Chaucer's narrative style is marked by a certain art of aesthetic that is evident in "The Nonne Preestes Tale." One characteristic of Chaucer's art is the use of a light-hearted tone that employs subtle humor. This characteristic is evidenced in various parts of this tale, for example, when the fox...
Chaucer's narrative style is marked by a certain art of aesthetic that is evident in "The Nonne Preestes Tale." One characteristic of Chaucer's art is the use of a light-hearted tone that employs subtle humor. This characteristic is evidenced in various parts of this tale, for example, when the fox says:
"Nay," quod the fox, "but God yeve hym meschaunce,
That is so undiscreet of governaunce,
That jangleth, whan he sholde holde his pees."
A defining characteristic is Chaucer's brilliance with description. He employs various theories of description in various instances. For example, when he describes the "povre wydwe" (poor widow), he begins with her habits and ways of living. Aside from saying she is "somdel stape in age" (a little old), there is virtually no physical description of her at all (a great difference from his description of the wife of Bathe).
A contrasting example is his description of Chauntecleer. He approaches Chauntecleer through the theory that asserts descriptions should be physical and start at the top and work down the person (the same theory he applies to the wife of Bathe). As a result we learn first about his chief quality, his voice ("His voys was murier than the murie orgon"), then move to the coxcomb atop his head and end with his "nayles" and his overall coloration of "burned gold."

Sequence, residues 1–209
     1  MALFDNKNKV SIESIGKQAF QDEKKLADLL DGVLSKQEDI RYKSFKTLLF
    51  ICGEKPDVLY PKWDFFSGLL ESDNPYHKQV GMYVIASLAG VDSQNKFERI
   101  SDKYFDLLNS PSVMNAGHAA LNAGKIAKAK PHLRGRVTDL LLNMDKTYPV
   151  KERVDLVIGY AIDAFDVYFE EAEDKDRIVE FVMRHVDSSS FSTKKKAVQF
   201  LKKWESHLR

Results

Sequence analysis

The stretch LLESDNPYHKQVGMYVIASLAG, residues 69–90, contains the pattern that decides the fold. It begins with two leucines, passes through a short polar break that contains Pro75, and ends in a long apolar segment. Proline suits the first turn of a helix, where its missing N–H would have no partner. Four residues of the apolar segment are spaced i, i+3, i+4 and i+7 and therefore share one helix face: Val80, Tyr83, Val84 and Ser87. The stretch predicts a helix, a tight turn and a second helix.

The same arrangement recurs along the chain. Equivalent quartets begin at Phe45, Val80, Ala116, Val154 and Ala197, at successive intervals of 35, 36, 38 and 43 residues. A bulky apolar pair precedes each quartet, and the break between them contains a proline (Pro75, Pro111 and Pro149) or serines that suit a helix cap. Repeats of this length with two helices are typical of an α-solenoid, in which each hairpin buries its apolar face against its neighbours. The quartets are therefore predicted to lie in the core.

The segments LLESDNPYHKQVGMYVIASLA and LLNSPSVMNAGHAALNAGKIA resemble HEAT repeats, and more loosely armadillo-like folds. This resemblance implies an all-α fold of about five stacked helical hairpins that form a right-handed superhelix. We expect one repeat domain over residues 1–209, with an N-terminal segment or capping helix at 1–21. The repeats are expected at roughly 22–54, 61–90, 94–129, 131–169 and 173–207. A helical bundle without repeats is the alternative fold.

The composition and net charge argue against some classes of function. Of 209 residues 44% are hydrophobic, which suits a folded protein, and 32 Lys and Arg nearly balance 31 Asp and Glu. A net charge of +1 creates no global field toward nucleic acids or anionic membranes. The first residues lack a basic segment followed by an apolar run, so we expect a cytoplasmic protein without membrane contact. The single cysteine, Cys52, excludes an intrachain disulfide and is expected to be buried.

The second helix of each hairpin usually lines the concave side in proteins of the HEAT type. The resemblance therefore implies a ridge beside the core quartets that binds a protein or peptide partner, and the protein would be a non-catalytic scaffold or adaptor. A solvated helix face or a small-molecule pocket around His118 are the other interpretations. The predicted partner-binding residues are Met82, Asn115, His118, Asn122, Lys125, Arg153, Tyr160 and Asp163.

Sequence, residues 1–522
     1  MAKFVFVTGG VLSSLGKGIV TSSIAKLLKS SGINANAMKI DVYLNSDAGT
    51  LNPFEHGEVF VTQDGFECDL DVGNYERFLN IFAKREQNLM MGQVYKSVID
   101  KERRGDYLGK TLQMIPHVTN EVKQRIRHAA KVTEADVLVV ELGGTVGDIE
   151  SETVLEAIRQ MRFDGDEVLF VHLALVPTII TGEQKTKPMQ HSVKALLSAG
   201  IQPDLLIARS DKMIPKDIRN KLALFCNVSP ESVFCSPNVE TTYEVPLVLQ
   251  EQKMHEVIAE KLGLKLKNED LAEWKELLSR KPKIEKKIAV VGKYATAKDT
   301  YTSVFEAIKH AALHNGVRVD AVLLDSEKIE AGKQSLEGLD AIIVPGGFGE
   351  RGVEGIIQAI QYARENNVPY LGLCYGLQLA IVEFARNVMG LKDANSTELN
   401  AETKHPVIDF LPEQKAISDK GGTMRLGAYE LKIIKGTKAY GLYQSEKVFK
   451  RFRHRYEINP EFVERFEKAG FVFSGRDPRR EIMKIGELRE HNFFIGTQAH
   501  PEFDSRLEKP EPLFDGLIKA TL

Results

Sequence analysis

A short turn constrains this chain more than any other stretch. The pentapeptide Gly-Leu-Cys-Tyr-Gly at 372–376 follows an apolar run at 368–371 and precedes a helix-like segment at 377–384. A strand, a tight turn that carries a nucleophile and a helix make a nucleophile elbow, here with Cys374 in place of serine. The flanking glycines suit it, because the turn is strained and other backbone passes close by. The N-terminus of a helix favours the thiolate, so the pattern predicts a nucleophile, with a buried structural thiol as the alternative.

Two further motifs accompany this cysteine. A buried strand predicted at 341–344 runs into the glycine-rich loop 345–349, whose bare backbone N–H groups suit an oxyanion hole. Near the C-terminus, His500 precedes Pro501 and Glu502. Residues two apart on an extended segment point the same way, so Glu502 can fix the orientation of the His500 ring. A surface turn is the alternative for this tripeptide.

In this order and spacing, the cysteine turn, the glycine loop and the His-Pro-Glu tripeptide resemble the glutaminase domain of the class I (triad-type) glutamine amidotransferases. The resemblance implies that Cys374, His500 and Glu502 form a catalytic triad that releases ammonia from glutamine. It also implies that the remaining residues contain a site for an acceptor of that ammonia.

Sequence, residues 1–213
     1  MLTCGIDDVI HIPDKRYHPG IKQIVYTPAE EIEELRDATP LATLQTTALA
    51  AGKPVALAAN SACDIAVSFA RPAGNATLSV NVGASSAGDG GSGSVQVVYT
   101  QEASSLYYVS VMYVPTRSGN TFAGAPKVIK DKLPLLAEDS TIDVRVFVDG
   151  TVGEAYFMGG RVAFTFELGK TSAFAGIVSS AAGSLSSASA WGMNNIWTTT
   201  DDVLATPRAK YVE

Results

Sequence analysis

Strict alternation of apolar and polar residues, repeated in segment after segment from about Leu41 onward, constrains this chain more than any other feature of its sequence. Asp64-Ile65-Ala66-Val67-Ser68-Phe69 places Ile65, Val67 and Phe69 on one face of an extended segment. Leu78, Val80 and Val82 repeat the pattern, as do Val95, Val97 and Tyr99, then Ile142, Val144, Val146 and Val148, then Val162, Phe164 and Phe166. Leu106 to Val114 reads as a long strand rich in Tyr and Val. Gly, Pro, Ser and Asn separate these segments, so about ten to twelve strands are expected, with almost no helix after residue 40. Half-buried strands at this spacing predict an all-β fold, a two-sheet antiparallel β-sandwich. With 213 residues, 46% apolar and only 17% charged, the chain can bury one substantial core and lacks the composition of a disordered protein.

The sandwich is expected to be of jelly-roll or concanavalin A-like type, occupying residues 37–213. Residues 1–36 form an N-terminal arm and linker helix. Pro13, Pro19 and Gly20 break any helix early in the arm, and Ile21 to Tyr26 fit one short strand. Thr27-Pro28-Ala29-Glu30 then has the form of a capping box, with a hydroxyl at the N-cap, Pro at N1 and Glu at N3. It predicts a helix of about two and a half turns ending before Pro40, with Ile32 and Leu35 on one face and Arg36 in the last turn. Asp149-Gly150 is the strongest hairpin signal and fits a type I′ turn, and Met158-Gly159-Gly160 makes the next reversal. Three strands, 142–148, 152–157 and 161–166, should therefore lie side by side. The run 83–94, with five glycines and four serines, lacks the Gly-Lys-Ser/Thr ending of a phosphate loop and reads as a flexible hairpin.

In typical Chaucerian fashion, a long digression into discourse is used to introduce the thematic import of the tale. Pertelote debates (citing references!) with Chauntecleer in all honesty ("I kan nat love a coward, by my feith") about the validity and meaning of dreams. After this long digressio, the villain is introduced and the conflict unfolds. We see the conflict rests on the fox's art of flattery ("many a fals flatour"), which is the opposite of Pertelote's straight talking pronouncements. A final point on Chaucer's art is that he mixes Christian allusion with Classical, which he may use, as in this tale, to build suspense:
O newe Scariot! newe Genyloun! 461
False dissymulour, O Greek synoun
That broghtest Troye al outrely to sorwe!